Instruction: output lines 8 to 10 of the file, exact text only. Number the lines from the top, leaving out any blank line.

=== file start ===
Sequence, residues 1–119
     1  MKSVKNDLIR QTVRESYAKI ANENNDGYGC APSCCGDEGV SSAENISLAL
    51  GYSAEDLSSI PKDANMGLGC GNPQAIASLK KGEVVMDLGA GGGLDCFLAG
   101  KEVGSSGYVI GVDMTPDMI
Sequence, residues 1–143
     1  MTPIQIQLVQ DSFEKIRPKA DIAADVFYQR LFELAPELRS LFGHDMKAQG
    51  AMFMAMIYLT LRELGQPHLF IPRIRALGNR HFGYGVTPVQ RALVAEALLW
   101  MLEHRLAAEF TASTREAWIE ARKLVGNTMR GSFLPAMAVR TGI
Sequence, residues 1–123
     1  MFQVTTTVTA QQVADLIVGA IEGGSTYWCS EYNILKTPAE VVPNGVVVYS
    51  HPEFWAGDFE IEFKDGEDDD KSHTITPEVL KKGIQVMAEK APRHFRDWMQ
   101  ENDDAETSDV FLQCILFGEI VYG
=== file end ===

   101  MLEHRLAAEF TASTREAWIE ARKLVGNTMR GSFLPAMAVR TGI
Sequence, residues 1–123
     1  MFQVTTTVTA QQVADLIVGA IEGGSTYWCS EYNILKTPAE VVPNGVVVYS